Dublin

  • Dublin school trip
    Learn more about the writer, James Joyce, on a Dublin school trip.
  • Dublin school trip
    Trinity College, Dublin, home to the Book of Kells.
  • Dublin school trip
    The Guinness Storehouse is a popular visit on a school trip to Dublin.
  • Dublin school trip
    The Oscar Wilde statue pays homage to one of Dublin's great literary figures.
  • Dublin school trip
    Dublin's Custom House, lining the River Liffey.

We had a fantastic trip thank you! The students learnt a great deal about Joyce and Yeats. The service was fantastic – everything was booked and ready for us – nothing to fault at all.NJ, Hurtwood House School

A hop and a skip across the Irish Sea, Dublin is a treasure trove of historical and literary delights. As you walk around Ireland’s capital city, admiring the beautiful Georgian architecture as you go, trace a path through the main events of the country’s political history such as the creation of the Irish Free State and the Easter Rising. Discover, too, the Emerald Isle’s influence on the literary world through the likes of James Joyce, Oscar Wilde and W.B. Yeats.

Dissected by the River Liffey, Dublin is a compact city and thus easy to explore on foot. To the north of the river, literary inspiration awaits you at the James Joyce Centre and the Dublin Writers’ Museum. To the south of the river meanwhile, you’ll find many of Dublin’s star attractions including Trinity College and the Book of Kells, Dublin Castle, the Guinness Storehouse, Merrion Square, St Stephen’s Green and the Cathedrals of Christ Church and St Patrick.

Typical Accommodation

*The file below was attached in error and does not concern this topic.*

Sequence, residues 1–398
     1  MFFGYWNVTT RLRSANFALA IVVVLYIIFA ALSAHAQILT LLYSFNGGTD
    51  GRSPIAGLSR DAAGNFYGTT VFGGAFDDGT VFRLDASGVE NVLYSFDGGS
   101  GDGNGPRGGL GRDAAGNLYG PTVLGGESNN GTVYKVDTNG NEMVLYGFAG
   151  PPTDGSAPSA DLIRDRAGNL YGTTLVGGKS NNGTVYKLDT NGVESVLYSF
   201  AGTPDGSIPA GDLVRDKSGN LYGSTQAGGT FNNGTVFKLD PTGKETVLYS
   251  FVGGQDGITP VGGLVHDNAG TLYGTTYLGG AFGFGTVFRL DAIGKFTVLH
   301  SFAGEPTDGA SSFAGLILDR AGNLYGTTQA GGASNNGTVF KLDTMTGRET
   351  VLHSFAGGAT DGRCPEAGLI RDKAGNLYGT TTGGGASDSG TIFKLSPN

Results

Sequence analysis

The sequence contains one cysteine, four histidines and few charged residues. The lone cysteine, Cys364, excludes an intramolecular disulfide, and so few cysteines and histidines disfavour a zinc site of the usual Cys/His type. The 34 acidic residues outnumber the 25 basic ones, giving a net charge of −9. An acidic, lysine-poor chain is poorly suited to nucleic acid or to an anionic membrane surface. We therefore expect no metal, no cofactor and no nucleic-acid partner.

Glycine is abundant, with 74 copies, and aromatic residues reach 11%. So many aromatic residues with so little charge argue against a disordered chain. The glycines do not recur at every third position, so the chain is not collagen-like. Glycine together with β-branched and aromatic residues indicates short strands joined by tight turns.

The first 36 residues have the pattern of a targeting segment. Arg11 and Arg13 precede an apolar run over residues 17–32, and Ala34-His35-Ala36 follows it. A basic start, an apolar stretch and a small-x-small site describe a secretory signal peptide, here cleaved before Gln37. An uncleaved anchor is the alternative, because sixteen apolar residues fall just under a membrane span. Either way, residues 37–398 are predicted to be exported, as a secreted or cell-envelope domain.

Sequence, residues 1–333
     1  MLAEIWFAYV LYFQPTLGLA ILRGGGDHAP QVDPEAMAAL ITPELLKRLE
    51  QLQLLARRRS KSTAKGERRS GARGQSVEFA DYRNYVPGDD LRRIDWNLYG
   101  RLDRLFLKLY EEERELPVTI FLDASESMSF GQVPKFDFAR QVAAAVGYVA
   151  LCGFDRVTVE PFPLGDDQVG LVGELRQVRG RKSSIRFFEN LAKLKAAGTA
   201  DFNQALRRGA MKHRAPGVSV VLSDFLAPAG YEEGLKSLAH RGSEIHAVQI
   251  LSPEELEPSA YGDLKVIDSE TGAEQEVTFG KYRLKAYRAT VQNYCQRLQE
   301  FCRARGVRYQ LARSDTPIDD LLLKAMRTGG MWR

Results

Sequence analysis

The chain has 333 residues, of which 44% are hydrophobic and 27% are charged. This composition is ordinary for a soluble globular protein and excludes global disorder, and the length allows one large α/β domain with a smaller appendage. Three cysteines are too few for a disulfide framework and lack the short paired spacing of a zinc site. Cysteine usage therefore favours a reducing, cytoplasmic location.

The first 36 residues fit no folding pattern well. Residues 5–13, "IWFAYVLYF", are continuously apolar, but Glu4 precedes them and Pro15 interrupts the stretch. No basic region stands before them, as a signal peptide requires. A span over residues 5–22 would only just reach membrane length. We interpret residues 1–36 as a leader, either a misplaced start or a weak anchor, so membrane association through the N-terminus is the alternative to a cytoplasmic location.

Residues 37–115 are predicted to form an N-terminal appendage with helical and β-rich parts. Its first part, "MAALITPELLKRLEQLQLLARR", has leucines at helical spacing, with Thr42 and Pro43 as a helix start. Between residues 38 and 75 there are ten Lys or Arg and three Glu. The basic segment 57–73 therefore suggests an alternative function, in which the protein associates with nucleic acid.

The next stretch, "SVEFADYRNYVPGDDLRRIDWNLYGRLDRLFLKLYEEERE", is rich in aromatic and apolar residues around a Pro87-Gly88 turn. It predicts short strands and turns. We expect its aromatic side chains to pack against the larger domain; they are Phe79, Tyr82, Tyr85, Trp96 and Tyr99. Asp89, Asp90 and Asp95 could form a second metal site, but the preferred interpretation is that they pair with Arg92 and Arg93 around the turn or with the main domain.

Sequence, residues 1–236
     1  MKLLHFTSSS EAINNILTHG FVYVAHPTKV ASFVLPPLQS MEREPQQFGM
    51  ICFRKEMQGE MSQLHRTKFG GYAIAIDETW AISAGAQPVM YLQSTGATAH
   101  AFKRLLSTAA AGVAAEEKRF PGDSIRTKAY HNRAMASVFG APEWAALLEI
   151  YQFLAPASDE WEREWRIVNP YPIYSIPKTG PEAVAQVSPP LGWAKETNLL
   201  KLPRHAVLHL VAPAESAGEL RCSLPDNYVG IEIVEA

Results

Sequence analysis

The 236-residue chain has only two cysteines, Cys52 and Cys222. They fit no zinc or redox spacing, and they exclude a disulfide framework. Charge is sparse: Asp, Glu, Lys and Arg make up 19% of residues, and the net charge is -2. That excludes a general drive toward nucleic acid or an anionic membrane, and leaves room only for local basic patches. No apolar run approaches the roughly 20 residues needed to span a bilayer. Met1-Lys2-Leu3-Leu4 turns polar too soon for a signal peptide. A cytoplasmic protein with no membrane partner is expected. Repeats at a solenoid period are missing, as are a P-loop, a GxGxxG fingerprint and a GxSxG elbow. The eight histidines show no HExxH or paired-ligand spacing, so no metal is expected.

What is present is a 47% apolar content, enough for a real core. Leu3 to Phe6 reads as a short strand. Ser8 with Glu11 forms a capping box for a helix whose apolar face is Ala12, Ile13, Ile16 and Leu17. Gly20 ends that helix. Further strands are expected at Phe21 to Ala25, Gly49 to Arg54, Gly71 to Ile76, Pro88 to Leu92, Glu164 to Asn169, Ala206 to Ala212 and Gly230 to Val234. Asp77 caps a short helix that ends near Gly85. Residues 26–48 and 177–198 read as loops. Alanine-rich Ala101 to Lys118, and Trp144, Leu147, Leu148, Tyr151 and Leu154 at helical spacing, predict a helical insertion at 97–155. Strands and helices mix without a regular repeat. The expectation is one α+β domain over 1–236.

We work with a number of different hostels and hotels in and around the Irish capital. Please let us know your requirements and we will be happy to recommend suitable accommodation to suit your Dublin school trip itinerary and budget.

One such example is the Dublin Central Inn. Situated right in the heart of Dublin, just a couple of minutes from O’Connell Street, this hotel offers rooms sleeping up to four people, each with en-suite bath and shower/wc. There’s also a guest lounge, sun deck and free Wi-Fi throughout. A full Irish breakfast is served each morning.

Dublin School Trip – Subject Suitability

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All tours will be tailor made to suit each individual group, but here is a suggestion for a Dublin school trip:

Sample Itinerary – 4 Days by Coach

Day 1 – Departing from school, travel to Holyhead where you’ll catch the ferry across the Irish Sea to Dublin. On arrival, head straight to your hotel for dinner and overnight accommodation.

Day 2 – See some of Dublin’s principal sites this morning on a walking tour of the city. You’ll start off at Trinity College, where you’ll get to see the famous Book of Kells, before continuing to the National Library of Ireland, currently host to an exhibition devoted to the life and works of W.B. Yeats.

Continue on to Merrion Square, seeing the former homes of Oscar Wilde and W.B. Yeats, as well as the busts and memorials of St Stephen’s Green, before heading to the Chester Beatty Library, boasting one of the finest collections of manuscripts and books.

Day 3 – Today’s itinerary starts north of the Liffey with a circular walk highlighting some of the principal settings in the author’s work. You’ll spend time at the James Joyce Centre before heading to the Dublin Writers’ Museum, dedicated to the city’s literary celebrities.

The rest of the day is yours to enjoy as you wish, perhaps visiting the famous Guinness Storehouse or Old Jameson Distillery, or even learning more about the history of Dublin with a visit to the Kilmainham Gaol, the General Post Office, or Dublinia, showcasing Ireland’s Viking and Medieval heritage.